Map of life expectancy at birth from Global Education Project.

Tuesday, January 31, 2006

Economics 102

For those, like the preznit, who never got past Economics 101. I'm not big on credentials, but it's relevant that for my interdisciplinary social science degree, I had to pass a qualifying exam in economics. What I mostly learned from my studies is that economics, whose practitioners give themselves a phony Nobel Prize every year*, is basically a vast edifice of bullshit erected on a foundation of sand. Economists like to claim that theirs is the "hardest" of the social sciences, whatever that means, but in fact it is not a science at all, but a version of theology. Economists begin with assumptions, that don't happen to correspond with reality, and argue from there. If reality doesn't match their predictions, they just ignore it.

To be fair, there is a new movement among mostly young economists to actually study the real world first and then try to come up with explanations based on, you know, data, and of course what they have mostly discovered is that the assumptions underlying economic theory are false. (Duhh.) But that hasn't stopped economics professors from teaching their students the same revealed scripture, in other words economics courses in our major universities are similar to biology courses at Bob Jones University. But, to be fair once again, the above is essentially what I wrote in my blue book and they passed me.

Anyhow, the proximate cause of the above rant is that tonight, he who shall not be named is expected to exhort Congress to make the tax cuts of the past five years permanent, and even to throw in a few new ones. He's fond of going around saying that tax cuts stimulate economic growth and make everybody richer -- "It's economics 101!" is his tag line. The idea, as he is fond of repeating, is that if we have more money in our pockets because that nasty liberal government didn't steal it, we'll spend it on stuff and people will make money manufacturing it and selling it to us, and then they'll give us jobs and we'll make even more money which we'll get to keep and spend, etc. etc.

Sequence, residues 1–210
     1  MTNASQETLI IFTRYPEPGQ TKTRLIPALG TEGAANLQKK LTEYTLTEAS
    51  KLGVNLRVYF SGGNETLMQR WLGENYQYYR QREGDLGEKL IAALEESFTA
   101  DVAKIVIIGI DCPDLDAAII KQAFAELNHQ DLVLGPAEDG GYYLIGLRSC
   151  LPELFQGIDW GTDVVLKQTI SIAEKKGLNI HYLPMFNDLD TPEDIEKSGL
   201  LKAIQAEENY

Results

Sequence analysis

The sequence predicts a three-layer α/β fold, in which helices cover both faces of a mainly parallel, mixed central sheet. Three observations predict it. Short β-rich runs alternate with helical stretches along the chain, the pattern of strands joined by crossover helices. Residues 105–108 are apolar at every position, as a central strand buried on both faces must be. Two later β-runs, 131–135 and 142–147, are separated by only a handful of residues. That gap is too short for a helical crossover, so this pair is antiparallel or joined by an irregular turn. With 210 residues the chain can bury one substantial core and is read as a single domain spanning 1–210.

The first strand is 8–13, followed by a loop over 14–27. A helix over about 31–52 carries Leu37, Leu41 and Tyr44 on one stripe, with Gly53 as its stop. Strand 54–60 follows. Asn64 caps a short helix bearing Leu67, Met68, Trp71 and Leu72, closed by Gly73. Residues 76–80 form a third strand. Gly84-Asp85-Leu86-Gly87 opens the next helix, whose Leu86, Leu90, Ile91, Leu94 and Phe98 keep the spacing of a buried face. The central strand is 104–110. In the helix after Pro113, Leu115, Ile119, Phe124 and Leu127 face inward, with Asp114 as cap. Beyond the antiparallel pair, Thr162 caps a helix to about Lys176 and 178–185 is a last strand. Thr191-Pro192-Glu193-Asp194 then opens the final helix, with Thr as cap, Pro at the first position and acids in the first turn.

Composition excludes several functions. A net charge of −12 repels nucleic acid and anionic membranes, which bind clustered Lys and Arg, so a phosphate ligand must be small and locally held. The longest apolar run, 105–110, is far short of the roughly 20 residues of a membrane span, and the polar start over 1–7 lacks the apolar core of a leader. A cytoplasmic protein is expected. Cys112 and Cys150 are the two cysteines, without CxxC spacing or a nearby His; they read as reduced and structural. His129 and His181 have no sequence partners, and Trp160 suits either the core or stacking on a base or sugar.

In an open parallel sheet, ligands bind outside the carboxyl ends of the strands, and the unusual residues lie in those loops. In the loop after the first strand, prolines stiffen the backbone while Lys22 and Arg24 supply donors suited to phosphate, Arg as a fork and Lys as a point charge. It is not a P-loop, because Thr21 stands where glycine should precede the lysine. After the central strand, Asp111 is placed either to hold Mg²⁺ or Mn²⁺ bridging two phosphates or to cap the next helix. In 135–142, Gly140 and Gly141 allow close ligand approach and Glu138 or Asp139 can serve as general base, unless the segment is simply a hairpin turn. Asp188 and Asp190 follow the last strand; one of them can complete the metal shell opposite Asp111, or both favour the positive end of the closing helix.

There is a fundamental flaw with that analysis, which is that when government collects taxes, guess what it does with the money? It spends it! That's right -- those tax dollars go into the pockets of government workers and vendors, who spend it on stuff and people make money manufacturing it and . . . You get the idea. And the most important point is that government can spend the money on essential public goods that private sector won't provide or won't provide enough of, but which make us all richer and which are even essential to the success of private enterprise -- things like roads, bridges, airports, education, health care, law enforcement, worker retraining, basic scientific research, "translational research" to turn science into technology, environmental protection, etc. etc. etc.

In the real world, the one in which economists do not live, it turns out that there is no current or historic relationship between the overall rate of taxation and economic growth or social and material well-being among the world's industrialized countries. And in U.S. history, there is also no relationship between tax cuts and subsequent economic growth, job creation, or job quality. United for a Fair Economy reviews the evidence -- those stupid little facts.

The issue is not whether we pay taxes, but how our tax dollars are spent. The preznit may be on to something though -- I don't like paying taxes for the purposes to which he puts the money, such as invading countries that are no threat to us in order to steal their oil revenue and give it to the Vice President's company to divide approximately evenly between profits and waste. With our vast and growing budget and trade deficits, negative personal savings rate, deteriorating infrastructure, pretty soon we won't have to worry about stuff like jobs and taxes because we'll be flat broke.

* Bet you didn't know that there is, in fact, no Nobel Prize in economics. In the 1950s, economists got together and came up with their own prize, which they named the Nobel Memorial Prize, although Nobel was long dead. If sociologists were as rich as economists, we might do the same thing, but we aren't and anyway, knowledge is its own reward and we actually have some.